1

Looking for a proven to work algorithm for production. Did see this example but not finding much else on the web or in books.

i.e. file_10.txt > file_2.txt

Thanks.

  • What natural language are you interested in? – Martin v. Löwis Aug 27 '09 at 21:32
2

I assume you already know the C standard library qsort() function:

void qsort(void *base,
           size_t nel,
           size_t width,
           int (*compar)(const void *, const void *);

That last parameter is a function pointer, which means you can pass any function to it. You could use strcmp(), in fact, but that would give you ASCIIbetical, and you specifically want a natural sort.

In that case, you could write one pretty easily:

#include <ctype.h>

int natural(const char *a, const char *b)
{
    if(isalpha(*a) && isalpha(*b))
      {
        // compare two letters
      }
    else
      {
        if(isalpha(*a))
          {
            // compare a letter to a digit (or other non-letter)
          }
        else if(isalpha(*b))
          {
            // compare a digit/non-letter to a letter
          }
        else
          {
            // compare two digits/non-letters
          }
      }
}

Some of the elses could be cleared up if you just return early, but there's a basic structure. Check ctype.h for functions like isalpha() (if a character is part of the alphabet), isdigit(), isspace(), and more.

  • A nice idea, but a bit oversimplified. It's not clear why I bothered writing and testing code... – Norman Ramsey Aug 27 '09 at 22:19
  • It's hard to answer the question if we don't know what he means by "natural" and he ignored the (well designed and perfectly portable) version that was linked. – Chris Lutz Aug 27 '09 at 22:49
8

Here is a (tested) comparison function that does the job. It understands only unsigned integers, not signed integers or floating point:

#include <stdlib.h>
#include <ctype.h>

/* like strcmp but compare sequences of digits numerically */
int strcmpbynum(const char *s1, const char *s2) {
  for (;;) {
    if (*s2 == '\0')
      return *s1 != '\0';
    else if (*s1 == '\0')
      return 1;
    else if (!(isdigit(*s1) && isdigit(*s2))) {
      if (*s1 != *s2)
        return (int)*s1 - (int)*s2;
      else
        (++s1, ++s2);
    } else {
      char *lim1, *lim2;
      unsigned long n1 = strtoul(s1, &lim1, 10);
      unsigned long n2 = strtoul(s2, &lim2, 10);
      if (n1 > n2)
        return 1;
      else if (n1 < n2)
        return -1;
      s1 = lim1;
      s2 = lim2;
    }
  }
}

If you want to use it with qsort, use this auxiliary function:

static int compare(const void *p1, const void *p2) {
  const char * const *ps1 = p1;
  const char * const *ps2 = p2;
  return strcmpbynum(*ps1, *ps2);
}

And you can do something on the order of

qsort(lines, next, sizeof(lines[0]), compare);
  • 1
    I think the first "return 1" should be "return -1". Consider strcmpbynum ("", "x"). – Darius Bacon Aug 28 '09 at 20:50
3

The basic sort function would be standard C qsort(). It is parameterized to take a comparison function, and the comparison function is what you would need to write to do the natural ordering.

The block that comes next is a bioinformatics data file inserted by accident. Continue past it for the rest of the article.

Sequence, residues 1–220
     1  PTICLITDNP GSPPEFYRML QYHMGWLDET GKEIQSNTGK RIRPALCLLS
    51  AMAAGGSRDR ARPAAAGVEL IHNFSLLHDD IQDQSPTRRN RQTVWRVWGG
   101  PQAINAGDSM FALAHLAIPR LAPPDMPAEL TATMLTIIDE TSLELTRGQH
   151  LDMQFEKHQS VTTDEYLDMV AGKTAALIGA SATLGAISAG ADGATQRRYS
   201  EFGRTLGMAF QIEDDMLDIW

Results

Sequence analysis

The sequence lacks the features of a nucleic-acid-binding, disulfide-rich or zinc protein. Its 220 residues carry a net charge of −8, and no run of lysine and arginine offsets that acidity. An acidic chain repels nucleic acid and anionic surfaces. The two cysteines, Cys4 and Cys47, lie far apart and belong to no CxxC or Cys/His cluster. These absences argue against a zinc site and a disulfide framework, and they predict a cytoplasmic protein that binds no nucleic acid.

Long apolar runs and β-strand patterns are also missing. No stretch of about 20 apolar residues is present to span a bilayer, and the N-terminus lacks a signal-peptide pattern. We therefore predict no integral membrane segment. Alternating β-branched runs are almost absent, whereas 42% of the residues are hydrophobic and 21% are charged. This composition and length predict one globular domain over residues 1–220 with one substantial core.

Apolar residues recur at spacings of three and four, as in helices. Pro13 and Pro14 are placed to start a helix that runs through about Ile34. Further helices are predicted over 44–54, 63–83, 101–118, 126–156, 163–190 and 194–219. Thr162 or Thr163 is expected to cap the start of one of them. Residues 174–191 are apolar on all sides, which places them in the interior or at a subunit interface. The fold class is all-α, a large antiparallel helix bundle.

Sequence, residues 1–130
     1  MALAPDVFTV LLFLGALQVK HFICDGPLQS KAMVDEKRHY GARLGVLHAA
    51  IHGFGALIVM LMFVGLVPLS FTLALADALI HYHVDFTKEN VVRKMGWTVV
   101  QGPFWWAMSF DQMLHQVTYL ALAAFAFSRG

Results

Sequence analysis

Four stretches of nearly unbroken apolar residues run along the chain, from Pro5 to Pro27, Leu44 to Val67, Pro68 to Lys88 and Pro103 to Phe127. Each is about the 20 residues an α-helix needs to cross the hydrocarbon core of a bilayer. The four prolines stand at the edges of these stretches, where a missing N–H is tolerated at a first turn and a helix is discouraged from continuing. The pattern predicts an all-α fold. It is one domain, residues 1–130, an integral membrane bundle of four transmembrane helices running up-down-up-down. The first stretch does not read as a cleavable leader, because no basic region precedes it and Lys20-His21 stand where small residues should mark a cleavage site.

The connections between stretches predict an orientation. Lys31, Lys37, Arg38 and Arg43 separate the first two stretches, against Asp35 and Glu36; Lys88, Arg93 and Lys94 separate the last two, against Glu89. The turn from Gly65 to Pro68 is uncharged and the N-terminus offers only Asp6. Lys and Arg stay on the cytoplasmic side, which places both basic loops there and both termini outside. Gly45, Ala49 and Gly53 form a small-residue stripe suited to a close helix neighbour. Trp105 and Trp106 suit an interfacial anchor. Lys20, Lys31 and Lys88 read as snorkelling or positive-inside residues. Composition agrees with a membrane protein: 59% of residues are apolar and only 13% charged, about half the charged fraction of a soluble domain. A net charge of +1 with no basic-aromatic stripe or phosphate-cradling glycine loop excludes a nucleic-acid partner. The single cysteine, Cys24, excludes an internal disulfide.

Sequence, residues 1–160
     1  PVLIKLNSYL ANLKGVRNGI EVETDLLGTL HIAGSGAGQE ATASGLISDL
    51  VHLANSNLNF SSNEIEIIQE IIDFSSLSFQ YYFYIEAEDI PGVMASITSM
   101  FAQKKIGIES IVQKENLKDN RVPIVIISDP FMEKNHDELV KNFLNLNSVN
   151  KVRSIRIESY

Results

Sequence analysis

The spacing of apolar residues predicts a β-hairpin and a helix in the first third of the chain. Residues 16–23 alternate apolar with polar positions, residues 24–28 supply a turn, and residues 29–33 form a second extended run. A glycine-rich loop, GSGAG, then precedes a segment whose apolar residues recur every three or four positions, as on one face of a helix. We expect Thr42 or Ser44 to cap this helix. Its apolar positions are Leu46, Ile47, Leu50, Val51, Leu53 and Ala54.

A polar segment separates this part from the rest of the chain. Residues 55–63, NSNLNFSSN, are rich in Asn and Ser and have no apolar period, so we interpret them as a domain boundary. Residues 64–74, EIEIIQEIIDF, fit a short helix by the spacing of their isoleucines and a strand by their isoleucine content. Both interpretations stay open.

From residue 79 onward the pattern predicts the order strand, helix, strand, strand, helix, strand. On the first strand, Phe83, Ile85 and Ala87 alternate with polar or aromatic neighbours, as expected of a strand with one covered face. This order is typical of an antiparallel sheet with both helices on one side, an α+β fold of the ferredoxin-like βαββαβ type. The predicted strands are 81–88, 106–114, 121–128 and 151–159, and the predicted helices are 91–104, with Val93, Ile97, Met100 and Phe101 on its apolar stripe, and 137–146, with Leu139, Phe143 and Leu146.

Your cross-referenced question includes a C implementation of a comparison function.

A Google search 'natural sort c' shows a SourceForge implementation.

  • I did see the source fourge example, I am on windows. Hoping for more of a well tested and used compare. – T.T.T. Aug 27 '09 at 21:52
0

Here's a version for Qt, that also supports unicode:

int strcmpbynum(const QString& s1, const QString &s2) {
int i1 = 0; // index in string
int i2 = 0;
while (true) {
    if (s2.length() == i2) // both strings identical or s1 larger than s2
        return s1.length() == i1 ? 0 : 1;
    if (s1.length() == i1) return -1; // s1 smaller than s2

    unsigned short u1 = s1[i1].unicode();
    unsigned short u2 = s2[i2].unicode();

    if (u1 >= '0' && u1 <= '9' && u2 >= '0' && u2 <= '9') {
        // parse both numbers completely and compare them
        quint64 n1 = 0; // the parsed number
        quint64 n2 = 0;
        int l1 = 0; // length of the number
        int l2 = 0;
        do {
            ++l1;
            n1 = n1 * 10 + u1 - '0';
            if (++i1 == s1.length()) break;
            u1 = s1[i1].unicode();
        } while (u1 >= '0' && u1 <= '9');
        do {
            ++l2;
            n2 = n2 * 10 + u2 - '0';
            if (++i2 == s2.length()) break;
            u2 = s2[i2].unicode();
        } while (u2 >= '0' && u2 <= '9');
        // compare two numbers
        if (n1 < n2) return -1;
        if (n1 > n2) return 1;
        // only accept identical numbers if they also have the same length
        // (same number of leading zeros)
        if (l1 < l2) return -1;
        if (l1 > l2) return 1;
    } else {
        // compare digit with non-digit or two non-digits
        if (u1 < u2) return -1;
        if (u1 > u2) return 1;
        ++i1;
        ++i2;
    }
}

}

Your Answer

By clicking "Post Your Answer", you acknowledge that you have read our updated terms of service, privacy policy and cookie policy, and that your continued use of the website is subject to these policies.

Not the answer you're looking for? Browse other questions tagged or ask your own question.